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Targeting the Brain’s Painkilling Region Could Eliminate the Need for Opioids, Scientists Say

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Written by: on 1st March, 2018

Scientists from the University of Cambridge have identified the section of the brain that relieves pain — opening the door for new non-addictive pain treatments that may be able to tap into this brain region to relieve pain. Opioids like oxycodone and morphine are already highly effective at reducing pain, yet these drugs are also highly addictive, and contributing to the thousands of drug overdose deaths driving the U.S. opioid crisis.

Harnessing the Brain’s Painkilling System

opioids

The new study was published in the journal eLife, and led by Dr. Ben Seymour of Cambridge University. Seymour explains that the human brain allows us to experience a form of “healthy pain” that warns us when we do things that could potentially cause further harm, such as lifting heavy objects while recovering from a muscle injury. Persistent pain is meant to motivate humans to rest and recover so the body can reserve and use energy for healing.

For the study, researchers recruited a group of volunteers and attached metal probes to their arms designed to heat up and cause pain without burning. The volunteers were then instructed to figure out how to cool down the temperature of the probes while having their brain activity monitored by the researchers. They discovered that the volunteers who had to work harder and longer at cooling down the probe to reduce pain actually experienced less pain than the volunteers who found the challenge easy.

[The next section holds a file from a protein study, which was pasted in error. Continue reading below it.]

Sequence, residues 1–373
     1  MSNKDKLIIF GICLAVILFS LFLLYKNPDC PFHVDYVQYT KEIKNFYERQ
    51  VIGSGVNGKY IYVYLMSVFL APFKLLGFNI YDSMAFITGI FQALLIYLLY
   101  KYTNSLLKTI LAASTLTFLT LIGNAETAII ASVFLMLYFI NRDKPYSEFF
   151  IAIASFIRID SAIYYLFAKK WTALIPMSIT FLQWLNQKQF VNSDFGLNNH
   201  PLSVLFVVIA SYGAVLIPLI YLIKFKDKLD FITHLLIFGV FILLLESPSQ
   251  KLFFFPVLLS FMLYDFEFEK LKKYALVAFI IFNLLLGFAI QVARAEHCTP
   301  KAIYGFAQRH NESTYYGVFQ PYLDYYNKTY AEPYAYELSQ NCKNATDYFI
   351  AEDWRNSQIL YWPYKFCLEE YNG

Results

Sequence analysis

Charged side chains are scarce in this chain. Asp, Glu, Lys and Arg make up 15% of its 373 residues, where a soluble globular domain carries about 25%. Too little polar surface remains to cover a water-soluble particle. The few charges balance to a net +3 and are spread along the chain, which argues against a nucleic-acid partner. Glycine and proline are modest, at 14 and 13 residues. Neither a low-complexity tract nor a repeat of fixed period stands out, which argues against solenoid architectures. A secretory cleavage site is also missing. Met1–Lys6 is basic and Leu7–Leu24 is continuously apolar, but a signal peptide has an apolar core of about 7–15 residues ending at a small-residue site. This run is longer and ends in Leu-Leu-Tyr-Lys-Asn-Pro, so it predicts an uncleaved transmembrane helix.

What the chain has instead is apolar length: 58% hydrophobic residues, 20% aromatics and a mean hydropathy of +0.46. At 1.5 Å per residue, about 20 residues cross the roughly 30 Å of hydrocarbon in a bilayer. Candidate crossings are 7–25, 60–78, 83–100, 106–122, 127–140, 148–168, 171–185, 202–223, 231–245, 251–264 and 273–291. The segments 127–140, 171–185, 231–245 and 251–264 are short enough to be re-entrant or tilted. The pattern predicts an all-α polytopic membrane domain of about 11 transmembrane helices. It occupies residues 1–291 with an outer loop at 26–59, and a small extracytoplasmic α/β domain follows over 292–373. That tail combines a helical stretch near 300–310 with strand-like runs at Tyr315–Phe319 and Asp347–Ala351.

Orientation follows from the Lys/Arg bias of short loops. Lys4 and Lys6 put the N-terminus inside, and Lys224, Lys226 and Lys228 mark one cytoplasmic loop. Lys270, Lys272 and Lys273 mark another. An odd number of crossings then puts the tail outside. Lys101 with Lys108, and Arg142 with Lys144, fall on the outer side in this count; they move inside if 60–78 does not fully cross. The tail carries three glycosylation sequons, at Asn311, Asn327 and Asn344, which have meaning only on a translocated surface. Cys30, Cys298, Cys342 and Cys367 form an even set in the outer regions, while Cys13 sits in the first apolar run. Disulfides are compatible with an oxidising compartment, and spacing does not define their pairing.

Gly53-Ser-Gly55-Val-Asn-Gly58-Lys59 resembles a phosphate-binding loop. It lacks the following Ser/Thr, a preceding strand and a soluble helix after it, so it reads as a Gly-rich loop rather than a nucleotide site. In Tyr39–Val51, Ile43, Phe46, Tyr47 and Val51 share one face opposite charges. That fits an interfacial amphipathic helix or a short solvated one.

The Cambridge researchers theorize that the brain reduces pain as an incentive for humans who work hard at finding ways to achieve pain relief naturally. Seymour further explains that the study results reveal how and why the brain reduces pain in certain circumstances, which could help scientists develop new treatments that turn on the pain region without the use of addictive drugs like opioids.

Finding Pain Relief Without Opioids

Opioids kill thousands of Americans every year due to their ability to trigger euphoria, tolerance, and dependence. Even those who use opioids for legitimate medical reasons can become dependent on and addicted to the drugs, and face the risk of overdose. If you or your loved one is currently using opioids for pain relief, use the drugs exactly as directed by your doctor to reduce the risk for addiction and overdose.

Non-addictive alternatives to opioids are now becoming more widely used and accepted as doctors and scientists look for new ways to treat pain and reduce opioid use. Acupuncture has become more popular and is now being offered by more health insurers, while scientists continue working hard at developing non-addictive painkillers that won’t put users at risk for overdoses. Other studies are even finding that over-the-counter medicines like ibuprofen may be just as effective at reducing pain than opioids in the emergency room.

If you or your loved one has become addicted to opioids, understand it’s not too late to get help and quit using. The sooner you get help, the sooner you can become healthier and achieve mental clarity before opioid use leads to an overdose.

Where to Get Safe Treatment for Opioid Addiction

Opioid addiction can be safely treated at an inpatient or outpatient drug detox center. A drug detox center can help you withdraw from heroin, fentanyl, and all other painkillers, and teach you numerous ways to stay sober and manage compulsive behavior to avoid drug use.

Since opioids affect the brain differently than most other drugs and substances, withdrawal can be difficult and severe to manage by yourself if you don’t get help at a drug detox center. Symptoms like insomnia, nausea, and opioid cravings can be severe to the point you relapse and start using again, which puts you at higher risk for an overdose. But drug detox centers use medications like methadone and buprenorphine that can eliminate withdrawal symptoms to make your recovery more comfortable and pain-free.

Call our 24/7 confidential helpline at 800-483-2193 for help with finding the nearest opioid detox center in your area. Our experienced addiction counselors will answer all your questions about opioid detox, and help you find a nearby detox center ready to help you achieve improved health and lifelong sobriety.